Many troops in S. Korea support reported move to shorter combat tours
SEOUL — Soldiers in South Korea, already well-acquainted with one-year tours away from their families, largely support a reported move by some Army leaders to consider shortening tours in combat zones like Iraq and Afghanistan.
According to a New York Times report this week, some senior Army officials say shortening combat tours to six to nine months would help stave off what could be a decline in recruiting and retention.
But other officials and some soldiers in Korea said shortened tours would have negative consequences, such as more frequent rotations and reduced combat effectiveness.
While the Times report said it was too early to say whether a new deployment policy is forthcoming, soldiers in South Korea reflected both sides of the issue. In interviews Tuesday, as most of the soldiers enjoyed the last of a four-day weekend for the Chusok holiday, many said all servicemembers on the ground in combat zones should be treated equally.
Army units are sent on one-year deployments, with the clock beginning to tick once they reach their temporary bases in the combat zone. Marine units, on the other hand, serve seven-month tours in the same areas.
“Sure, I think six-month tours to the desert would be better than one-year tours,” said Sgt. Brian Combs, a 2nd Infantry Division soldier who said he’d already served one tour in Iraq with his previous unit.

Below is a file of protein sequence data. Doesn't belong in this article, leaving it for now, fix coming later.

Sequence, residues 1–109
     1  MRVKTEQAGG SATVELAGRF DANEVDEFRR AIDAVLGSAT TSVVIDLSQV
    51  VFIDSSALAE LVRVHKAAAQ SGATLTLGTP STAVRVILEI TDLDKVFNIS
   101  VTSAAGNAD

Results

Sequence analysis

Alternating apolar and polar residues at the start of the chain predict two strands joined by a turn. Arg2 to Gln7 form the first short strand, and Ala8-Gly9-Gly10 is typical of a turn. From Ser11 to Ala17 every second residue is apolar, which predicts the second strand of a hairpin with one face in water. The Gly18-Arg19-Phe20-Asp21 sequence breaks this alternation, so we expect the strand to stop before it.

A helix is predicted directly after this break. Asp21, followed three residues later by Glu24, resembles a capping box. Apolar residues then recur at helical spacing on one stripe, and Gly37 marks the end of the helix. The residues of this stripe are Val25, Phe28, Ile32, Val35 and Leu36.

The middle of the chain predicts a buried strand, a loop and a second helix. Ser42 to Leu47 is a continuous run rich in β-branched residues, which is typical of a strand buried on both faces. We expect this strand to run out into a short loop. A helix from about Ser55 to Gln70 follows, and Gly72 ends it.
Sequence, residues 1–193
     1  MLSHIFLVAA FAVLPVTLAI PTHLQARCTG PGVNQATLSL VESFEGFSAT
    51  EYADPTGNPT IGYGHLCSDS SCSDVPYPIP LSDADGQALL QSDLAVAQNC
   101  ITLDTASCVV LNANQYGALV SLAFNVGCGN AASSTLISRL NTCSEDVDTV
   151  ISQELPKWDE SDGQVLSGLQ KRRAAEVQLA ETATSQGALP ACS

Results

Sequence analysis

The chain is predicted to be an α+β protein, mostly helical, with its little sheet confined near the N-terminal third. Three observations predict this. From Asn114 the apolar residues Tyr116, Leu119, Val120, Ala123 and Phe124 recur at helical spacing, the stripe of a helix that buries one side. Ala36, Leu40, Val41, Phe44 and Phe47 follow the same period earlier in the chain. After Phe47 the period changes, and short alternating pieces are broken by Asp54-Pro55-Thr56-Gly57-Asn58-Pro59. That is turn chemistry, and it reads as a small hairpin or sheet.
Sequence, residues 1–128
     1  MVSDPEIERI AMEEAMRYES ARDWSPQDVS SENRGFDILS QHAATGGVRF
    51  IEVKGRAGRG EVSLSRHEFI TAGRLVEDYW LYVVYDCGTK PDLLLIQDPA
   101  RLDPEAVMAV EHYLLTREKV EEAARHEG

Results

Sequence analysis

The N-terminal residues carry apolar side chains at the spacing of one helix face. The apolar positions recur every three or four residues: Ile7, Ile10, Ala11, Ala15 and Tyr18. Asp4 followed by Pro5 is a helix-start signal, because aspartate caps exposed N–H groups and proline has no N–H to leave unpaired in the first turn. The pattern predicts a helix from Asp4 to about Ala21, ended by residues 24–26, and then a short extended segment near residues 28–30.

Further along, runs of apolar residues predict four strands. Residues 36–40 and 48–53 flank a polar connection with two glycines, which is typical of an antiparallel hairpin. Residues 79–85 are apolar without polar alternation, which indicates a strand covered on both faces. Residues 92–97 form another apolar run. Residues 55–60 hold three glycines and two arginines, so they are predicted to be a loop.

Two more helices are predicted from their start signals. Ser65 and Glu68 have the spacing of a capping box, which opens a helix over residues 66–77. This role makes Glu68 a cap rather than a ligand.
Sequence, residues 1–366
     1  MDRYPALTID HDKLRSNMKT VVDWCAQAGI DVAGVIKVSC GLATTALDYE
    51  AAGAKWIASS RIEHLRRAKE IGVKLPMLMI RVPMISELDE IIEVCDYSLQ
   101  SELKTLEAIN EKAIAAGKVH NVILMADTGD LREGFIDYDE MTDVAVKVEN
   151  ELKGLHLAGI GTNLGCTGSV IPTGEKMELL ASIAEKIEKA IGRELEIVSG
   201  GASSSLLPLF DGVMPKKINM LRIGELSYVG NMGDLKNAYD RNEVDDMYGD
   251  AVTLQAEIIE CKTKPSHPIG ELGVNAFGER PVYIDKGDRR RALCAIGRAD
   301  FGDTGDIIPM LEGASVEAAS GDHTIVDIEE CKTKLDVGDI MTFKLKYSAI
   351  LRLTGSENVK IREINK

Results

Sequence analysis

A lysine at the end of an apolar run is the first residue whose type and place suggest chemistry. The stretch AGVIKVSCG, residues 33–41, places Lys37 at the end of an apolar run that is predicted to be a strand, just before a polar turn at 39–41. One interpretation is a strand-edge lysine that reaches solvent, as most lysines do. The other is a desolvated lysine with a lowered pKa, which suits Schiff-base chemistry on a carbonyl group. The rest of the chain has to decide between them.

“I don’t see why you’d have one standard for Marines and one for the Army. If seven months is as long as the Marines send their guys, why shouldn’t the Army be doing the same thing?”
Another soldier said she was concerned about back-to-back, yearlong periods away from her family.
“If you’re in Korea for a year without your family, and your next unit goes to Iraq or Afghanistan right around when you transfer, that’s obviously a long time,” said Spc. Shavonne Curtis of the 18th Medical Command. “So six or nine months would probably be better.”
But, other military officials said, shorter tours likely would mean more rotations for all units — and, some said, more dangerous deployments.
“If it was traditional fighting or just peacekeeping, shorter rotations would be fine. But that’s not what’s happening in Iraq and Afghanistan,” said Staff Sgt. Nate Webb, who had served with the 10th Mountain Division in Afghanistan before an assignment to South Korea.
“One of the biggest things you have to do to stop insurgents is make friends with the locals, get them on your side,” Webb said. “It’s really hard to do that if the units are coming in and out every six months. And besides, it takes a few weeks before you even know what you’re doing when you first get out there.”
Shortening rotations also compresses the time units would have at home before being called upon again, others said.